Hyperglycemia associated with the use of atypical
Lindenmayer JP, Nathan AM, Smith RC.
New York University School of Medicine, New York, USA.
The available literature suggests that patients with schizophrenia are at
risk for diabetes mellitus and taking antipsychotic medication further
increases the chance of developing non-insulin-dependent hyperglycemia.
Case reports, chart reviews, and some results from clinical drug trials
implicate a relationship between glucose levels and treatment with
clozapine or olanzapine in patients with schizophrenia, although a few
cases of hyperglycemia have also been reported in patients taking
risperidone and quetiapine. These studies indicate that hyperglycemia is
not dose dependent, is reversible on cessation of treatment with clozapine
or olanzapine, and reappears on reintroduction of these therapies. The
postulated underlying mechanisms involved in this process in patients with
schizophrenia include (1) a decreased sensitivity to insulin that is
independent of atypical medication, (2) an increased insulin resistance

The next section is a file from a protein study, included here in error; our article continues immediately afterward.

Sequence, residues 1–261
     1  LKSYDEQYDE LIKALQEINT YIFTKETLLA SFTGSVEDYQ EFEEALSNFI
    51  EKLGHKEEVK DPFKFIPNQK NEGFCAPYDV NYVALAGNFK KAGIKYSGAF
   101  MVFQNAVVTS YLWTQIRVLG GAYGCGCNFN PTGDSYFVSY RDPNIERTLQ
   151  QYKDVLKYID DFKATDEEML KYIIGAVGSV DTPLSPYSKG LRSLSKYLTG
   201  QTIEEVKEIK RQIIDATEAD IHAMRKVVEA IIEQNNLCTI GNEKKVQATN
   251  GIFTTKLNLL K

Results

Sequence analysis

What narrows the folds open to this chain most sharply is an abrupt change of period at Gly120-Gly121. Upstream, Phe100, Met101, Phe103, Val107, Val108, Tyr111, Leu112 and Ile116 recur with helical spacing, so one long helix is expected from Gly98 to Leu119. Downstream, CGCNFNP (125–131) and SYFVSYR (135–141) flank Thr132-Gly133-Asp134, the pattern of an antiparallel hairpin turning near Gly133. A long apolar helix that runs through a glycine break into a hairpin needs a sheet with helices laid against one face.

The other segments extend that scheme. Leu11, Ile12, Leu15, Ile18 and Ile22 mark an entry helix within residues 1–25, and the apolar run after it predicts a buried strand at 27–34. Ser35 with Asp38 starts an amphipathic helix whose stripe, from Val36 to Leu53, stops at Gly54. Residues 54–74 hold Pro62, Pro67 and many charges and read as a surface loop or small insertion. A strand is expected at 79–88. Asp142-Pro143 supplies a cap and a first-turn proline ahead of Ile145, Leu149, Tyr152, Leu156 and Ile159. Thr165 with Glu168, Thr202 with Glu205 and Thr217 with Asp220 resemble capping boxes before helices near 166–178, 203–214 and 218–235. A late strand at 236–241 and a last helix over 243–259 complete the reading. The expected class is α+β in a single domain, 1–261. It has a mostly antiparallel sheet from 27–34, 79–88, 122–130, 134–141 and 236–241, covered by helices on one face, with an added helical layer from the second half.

related to atypical medications, (3) the effects of atypical medications
on serotonin receptors, and (4) overuse of insulin due to weight gain.
These mechanisms are discussed in detail, and recommendations for the
administration of atypical antipsychotics are offered. Overweight,
ethnicity, family or personal history of diabetes mellitus or
hypertension, and weight gain during the course of treatment have all been
identified as risk factors in the development of hyperglycemia in patients
with schizophrenia. However, it is difficult to statistically assess the
true incidence of diabetes within each type of antipsychotic medication
group with the exclusive dependence on available case studies and without
proper epidemiologic research.
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PMID: 11603883 [PubMed - indexed for MEDLINE]